3. Data Protection Officer (“DPO”). It is no longer required for the DPO to have legal and regulatory knowledge. Further, the provision that the ANPD would regulate when one single DPO could be appointed for the entire group of companies was also vetoed.
4. Penalties. Finally, the penalties related to the possibility of partial suspension of the functioning of database and those related to the suspension or prohibition of the performance of data processing activities were also vetoed.
BRAZIL JOINS THE MADRID PROTOCOL FOR INTERNATIONAL TRADEMARK REGISTRATION
The World Intellectual Property Organization (“WIPO”) recently received Brazil’s instrument of accession to the Madrid Protocol. The Madrid Protocol is an international treaty that facilitates the registration of trademarks in several member countries of the Protocol.
The Madrid Protocol allows trademark owners based in Brazil to request, through a single application, the protection of their trademarks in the 121-member countries of the Protocol. The Madrid Protocol also has benefits in terms of reducing bureaucracy and centralization of international registration procedures and the decrease of costs for applicants who have an interest in seeking the protection of their trademarks in member countries.
It is important to note that the analysis of each trademark application needs to comply with the laws in force in each member country indicated at the time of the filing, respecting their national sovereignties.
The Madrid Protocol will become effective in Brazil on October 2, 2019. The Brazilian Patent and Trademark Office is still drafting rules and regulations on the matter, which should be published in the coming months.
WHITE COLLAR CRIME & CORPORATE INVESTIGATION
THE SUPERIOR COURT OF JUSTICE DECIDED THAT CAPITAL INVESTED IN FOREIGN FUNDS WITHOUT THE FILING OF THE APPLICABLE FORM TO THE TAX AUTHORITY CONSTITUTIES THE CRIME OF ILLICIT FINANCIAL FLOWS
The Brazilian Superior Court of Justice decided that investments in foreign funds are considered a “deposit” under the sole paragraph of article 22, of the Law 7492/1986 (Law of Crimes Against the Financial System). Therefore, having investments in foreign funds without filing the appropriate form to the tax authority may constitute the crime of illicit financial flows.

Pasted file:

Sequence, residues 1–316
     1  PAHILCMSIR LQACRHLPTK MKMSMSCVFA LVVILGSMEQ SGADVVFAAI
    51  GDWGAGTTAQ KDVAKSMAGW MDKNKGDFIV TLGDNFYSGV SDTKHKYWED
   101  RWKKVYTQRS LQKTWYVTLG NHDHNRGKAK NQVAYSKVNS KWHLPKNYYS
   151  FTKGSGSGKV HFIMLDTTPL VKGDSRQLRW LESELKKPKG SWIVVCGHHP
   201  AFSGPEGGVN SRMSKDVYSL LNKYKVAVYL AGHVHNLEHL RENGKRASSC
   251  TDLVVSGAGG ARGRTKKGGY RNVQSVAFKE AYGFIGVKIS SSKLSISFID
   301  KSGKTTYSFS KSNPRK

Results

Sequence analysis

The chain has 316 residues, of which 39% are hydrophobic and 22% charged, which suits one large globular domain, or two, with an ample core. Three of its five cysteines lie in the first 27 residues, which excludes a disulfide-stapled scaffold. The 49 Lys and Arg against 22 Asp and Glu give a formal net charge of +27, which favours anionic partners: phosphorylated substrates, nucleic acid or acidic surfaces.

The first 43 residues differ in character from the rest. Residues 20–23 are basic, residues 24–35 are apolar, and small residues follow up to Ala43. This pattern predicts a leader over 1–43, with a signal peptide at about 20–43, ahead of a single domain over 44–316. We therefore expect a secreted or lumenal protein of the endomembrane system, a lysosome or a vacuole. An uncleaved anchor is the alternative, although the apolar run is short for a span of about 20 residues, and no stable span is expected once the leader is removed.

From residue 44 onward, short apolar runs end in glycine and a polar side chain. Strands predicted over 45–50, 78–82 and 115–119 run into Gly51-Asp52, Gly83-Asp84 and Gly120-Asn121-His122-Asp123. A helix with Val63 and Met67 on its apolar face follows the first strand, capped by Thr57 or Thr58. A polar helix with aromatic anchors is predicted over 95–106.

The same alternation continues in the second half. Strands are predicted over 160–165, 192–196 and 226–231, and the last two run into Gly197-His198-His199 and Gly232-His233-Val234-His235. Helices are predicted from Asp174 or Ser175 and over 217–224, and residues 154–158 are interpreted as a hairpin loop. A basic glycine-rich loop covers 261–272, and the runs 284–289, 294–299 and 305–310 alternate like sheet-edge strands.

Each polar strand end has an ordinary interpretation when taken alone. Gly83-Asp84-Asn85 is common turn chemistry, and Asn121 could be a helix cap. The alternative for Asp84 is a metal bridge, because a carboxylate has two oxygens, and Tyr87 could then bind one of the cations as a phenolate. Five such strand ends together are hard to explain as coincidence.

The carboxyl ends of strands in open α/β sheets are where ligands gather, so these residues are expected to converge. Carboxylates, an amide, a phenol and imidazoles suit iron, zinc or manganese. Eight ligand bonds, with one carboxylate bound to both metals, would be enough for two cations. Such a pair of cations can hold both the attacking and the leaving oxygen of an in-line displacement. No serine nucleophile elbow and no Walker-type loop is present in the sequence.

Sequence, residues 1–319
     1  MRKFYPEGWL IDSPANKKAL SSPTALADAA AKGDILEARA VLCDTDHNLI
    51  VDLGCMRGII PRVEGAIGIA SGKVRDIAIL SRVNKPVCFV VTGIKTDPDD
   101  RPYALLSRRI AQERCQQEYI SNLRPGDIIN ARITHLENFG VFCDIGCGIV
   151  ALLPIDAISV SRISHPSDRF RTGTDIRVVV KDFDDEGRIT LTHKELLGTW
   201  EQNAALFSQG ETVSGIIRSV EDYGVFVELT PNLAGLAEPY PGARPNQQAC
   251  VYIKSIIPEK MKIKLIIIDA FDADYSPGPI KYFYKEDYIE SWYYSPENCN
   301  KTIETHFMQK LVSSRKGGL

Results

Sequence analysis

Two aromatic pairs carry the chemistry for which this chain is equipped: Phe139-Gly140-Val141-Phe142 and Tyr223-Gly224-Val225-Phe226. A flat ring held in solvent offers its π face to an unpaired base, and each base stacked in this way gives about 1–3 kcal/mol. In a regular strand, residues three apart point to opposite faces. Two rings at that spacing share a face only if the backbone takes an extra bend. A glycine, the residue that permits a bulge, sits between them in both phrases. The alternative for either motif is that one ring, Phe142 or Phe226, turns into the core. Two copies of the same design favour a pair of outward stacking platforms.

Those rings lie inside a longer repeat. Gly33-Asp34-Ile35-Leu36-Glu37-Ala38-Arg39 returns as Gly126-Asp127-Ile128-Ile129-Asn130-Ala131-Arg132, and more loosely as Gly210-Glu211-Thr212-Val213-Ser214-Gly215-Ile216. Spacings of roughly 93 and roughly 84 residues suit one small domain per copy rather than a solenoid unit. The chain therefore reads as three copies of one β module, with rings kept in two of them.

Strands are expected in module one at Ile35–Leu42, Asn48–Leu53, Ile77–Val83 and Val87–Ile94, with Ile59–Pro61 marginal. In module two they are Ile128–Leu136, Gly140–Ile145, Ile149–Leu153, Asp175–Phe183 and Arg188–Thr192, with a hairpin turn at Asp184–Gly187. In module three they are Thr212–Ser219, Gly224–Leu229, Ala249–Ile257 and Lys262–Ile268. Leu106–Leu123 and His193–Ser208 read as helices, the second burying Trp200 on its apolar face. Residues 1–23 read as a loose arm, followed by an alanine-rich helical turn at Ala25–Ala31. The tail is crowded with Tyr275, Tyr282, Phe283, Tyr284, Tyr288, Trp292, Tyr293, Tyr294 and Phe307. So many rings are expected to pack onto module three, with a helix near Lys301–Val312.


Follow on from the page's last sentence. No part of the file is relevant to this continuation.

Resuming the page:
The article 22 of the Law 7492/1986 provides that one who “performs exchange transaction not authorized, in order to commit illicit financial flows” will be subject to a sentence of 02 (two) to 06 (six) years of imprisonment, and will be fined. The sole paragraph of article 22 provides that “will be subject to the same sentence one who, under any circumstance, performs, without legal authorization, currency outflow or currency drain, or keeps deposits without notifying the applicable government agency”.
This decision was rendered in a case in which a man was indicted for illicit financial flows for investing his assets in a fund in the Cayman Islands, without filing the appropriate form to the Federal Revenue Office.
The Defense Attorneys underpinned that the investments in foreign funds do not constitute “deposits” under article 22 Law 7492/1986 and, therefore could not constitute the criminal offence of illicit financial flows. Despite the defense’s arguments, the Court stated that the term “deposits” should be interpreted according to the Brazilian Financial System’s interests. In addition, the Court stated that since the law did not specify what a deposit meant, the term should be interpreted broadly and should include not only deposits in checking accounts, but also assets invested in funds.
THE SUPREME FEDERAL COURT DECIDED THAT IT IS ILLEGAL FOR THE POLICE TO CONDUCT INTERVIEWS DURING DAWN RAID
The Brazilian Supreme Federal Court decided that it is illegal for the Chief of Police to carry out interviews during a dawn raid. According to the Court, there was a violation of the suspect’s rights to silence and against self-incrimination, since he was not given a warning regarding his right to remain silent.
The Court underpinned that it had already considered illegal to issue bench warrants for the interview of suspects. The Court then decided that interviews during dawn raids should be deemed illegal, since they had similar goals as to the prohibited bench warrants.